Boxee is based on the same core code as the XBMC project, but has differentiated itself with a different (and, in our opinion, not quite as appealing) look and a social, net-connected focus. The new home screen brings a new look and those social/feed aspects front and centre.
It’s divided up into three columns of items on the bottom: friend recommendations on the left, featured media from Boxee and its partners in the middle, and items you’ve queued up on the left.
Anywhere you go in Boxee, you can quickly pull up the universal menu, which lets you rate, recommend, and queue an item, shut down or configure the system, and get access to the major media categories. The very bottom is a kind of bookmark bar, filled with shortcuts to your favourite media channels or files.
Whether you’re looking for a TV show episode you’ve downloaded or a show available for streaming anywhere in Boxee’s ecosystem, you can find it by doing a quick search from the sidebar. There’s a tiny keyboard built in for remote users, and quick filtering tools below. In general, Boxee treats your local media and streaming content as pretty much one and the same, in search and in handling.
Under the hood, Boxee’s beta will feature a number of bug fixes from the alpha, and will switch from OpenGL to DirectX graphics on Windows, along with enabling DirectX video acceleration, allowing for much speedier and less resource-intensive playback. There’s also going to be baked-in support for NVIDIA’s cheaper-but-powerful Ion graphics chips, likely pointing to the pre-built Boxee box. Coincidentally, this also makes this editor’s homemade Boxee media center an even more badass investment.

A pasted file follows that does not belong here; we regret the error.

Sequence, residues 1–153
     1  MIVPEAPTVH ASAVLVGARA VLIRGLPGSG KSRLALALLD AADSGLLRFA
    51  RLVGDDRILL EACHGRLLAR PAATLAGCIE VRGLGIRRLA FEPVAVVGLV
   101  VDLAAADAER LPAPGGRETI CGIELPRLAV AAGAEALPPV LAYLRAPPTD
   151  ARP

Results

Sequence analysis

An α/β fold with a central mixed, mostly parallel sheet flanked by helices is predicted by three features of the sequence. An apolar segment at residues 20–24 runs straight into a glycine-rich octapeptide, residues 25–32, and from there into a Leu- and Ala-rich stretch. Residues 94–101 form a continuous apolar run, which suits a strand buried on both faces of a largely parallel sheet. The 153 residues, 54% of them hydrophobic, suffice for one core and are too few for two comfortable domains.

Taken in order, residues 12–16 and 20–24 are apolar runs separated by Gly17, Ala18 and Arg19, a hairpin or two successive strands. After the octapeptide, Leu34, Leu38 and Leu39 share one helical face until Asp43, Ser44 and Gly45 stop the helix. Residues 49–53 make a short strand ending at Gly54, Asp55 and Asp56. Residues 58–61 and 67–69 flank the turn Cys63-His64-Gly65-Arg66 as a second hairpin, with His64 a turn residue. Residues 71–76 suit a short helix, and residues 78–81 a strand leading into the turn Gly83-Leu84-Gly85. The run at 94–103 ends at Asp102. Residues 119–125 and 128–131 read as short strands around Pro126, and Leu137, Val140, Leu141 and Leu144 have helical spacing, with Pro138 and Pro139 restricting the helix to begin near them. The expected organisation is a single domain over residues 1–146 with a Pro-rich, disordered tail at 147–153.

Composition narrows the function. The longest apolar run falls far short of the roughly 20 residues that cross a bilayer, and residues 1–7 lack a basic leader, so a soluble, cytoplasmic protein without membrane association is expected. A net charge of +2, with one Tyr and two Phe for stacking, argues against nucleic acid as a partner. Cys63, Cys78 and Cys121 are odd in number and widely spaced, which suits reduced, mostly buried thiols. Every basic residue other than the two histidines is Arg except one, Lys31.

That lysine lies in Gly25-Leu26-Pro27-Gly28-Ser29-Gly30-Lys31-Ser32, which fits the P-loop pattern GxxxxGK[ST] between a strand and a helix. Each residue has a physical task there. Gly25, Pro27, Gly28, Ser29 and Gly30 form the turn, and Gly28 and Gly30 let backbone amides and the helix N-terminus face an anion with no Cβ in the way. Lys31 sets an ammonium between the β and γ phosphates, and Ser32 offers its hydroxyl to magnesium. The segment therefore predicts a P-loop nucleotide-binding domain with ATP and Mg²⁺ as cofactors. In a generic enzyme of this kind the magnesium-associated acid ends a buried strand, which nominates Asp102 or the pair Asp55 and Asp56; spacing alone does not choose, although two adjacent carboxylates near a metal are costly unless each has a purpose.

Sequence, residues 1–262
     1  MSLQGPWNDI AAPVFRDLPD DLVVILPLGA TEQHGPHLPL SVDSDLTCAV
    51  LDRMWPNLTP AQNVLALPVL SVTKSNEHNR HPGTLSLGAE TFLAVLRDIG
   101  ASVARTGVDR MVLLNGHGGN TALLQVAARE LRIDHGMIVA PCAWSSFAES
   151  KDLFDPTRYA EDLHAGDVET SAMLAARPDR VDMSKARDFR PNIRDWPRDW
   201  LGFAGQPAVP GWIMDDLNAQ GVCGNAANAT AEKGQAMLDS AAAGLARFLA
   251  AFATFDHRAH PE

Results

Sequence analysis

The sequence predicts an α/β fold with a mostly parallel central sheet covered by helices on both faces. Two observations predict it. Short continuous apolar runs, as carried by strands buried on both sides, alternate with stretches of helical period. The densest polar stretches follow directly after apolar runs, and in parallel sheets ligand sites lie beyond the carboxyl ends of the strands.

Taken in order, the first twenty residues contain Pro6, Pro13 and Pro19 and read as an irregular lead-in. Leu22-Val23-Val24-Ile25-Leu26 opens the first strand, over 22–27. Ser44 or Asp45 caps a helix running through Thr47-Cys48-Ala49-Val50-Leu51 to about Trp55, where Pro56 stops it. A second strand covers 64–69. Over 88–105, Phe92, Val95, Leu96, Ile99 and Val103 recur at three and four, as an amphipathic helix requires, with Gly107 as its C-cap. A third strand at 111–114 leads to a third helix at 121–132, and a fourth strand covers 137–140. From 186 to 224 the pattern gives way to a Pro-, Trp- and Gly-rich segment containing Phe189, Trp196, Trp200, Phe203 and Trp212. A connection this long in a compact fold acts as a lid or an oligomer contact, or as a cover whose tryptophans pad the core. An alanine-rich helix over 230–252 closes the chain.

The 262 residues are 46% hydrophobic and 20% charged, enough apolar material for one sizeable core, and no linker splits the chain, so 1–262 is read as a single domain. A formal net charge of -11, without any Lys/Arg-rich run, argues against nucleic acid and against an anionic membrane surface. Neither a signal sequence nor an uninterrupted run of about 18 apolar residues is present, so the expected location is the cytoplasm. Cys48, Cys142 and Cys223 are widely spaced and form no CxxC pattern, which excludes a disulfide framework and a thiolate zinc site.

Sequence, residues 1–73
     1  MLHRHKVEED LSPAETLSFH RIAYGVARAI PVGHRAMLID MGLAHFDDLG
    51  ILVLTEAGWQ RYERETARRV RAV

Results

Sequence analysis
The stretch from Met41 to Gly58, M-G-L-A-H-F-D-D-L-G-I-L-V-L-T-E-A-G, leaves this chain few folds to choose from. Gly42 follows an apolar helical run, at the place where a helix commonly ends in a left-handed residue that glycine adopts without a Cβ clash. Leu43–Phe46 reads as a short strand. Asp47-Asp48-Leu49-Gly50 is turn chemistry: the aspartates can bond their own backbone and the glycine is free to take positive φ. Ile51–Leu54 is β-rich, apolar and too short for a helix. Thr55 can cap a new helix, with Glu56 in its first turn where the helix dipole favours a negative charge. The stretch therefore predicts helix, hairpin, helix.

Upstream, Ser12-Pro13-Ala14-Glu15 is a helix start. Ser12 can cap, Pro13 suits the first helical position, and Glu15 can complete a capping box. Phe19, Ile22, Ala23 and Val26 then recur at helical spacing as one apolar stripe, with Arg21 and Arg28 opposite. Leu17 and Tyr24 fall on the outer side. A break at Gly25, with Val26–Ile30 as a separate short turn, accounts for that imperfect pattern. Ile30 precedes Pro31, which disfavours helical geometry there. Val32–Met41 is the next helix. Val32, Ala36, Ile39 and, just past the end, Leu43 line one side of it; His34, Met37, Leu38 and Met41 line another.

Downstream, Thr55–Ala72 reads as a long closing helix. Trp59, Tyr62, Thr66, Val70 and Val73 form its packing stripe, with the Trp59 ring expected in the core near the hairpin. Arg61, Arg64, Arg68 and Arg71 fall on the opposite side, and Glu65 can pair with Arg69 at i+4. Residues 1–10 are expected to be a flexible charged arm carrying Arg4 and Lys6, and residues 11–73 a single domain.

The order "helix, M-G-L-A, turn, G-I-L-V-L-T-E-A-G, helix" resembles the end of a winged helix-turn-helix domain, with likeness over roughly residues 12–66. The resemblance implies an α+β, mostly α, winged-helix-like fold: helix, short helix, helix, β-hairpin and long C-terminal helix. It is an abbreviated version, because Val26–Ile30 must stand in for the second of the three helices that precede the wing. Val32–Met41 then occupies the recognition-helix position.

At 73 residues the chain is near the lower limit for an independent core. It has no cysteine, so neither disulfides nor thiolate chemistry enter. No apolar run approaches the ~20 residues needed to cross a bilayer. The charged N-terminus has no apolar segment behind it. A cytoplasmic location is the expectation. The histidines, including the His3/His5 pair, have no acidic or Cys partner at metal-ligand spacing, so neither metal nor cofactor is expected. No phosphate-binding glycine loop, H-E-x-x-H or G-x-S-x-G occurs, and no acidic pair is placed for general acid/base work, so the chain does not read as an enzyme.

Boxee’s beta is rolling out now to approved early access users (you can sign up here if you feel lucky). Next up will be those already using the alpha, and then, on Jan. 7, the general public. Tell us what you think of Boxee’s new look and direction, and what else you think it needs, in the comments.
The Boxee Beta [Boxee Blog]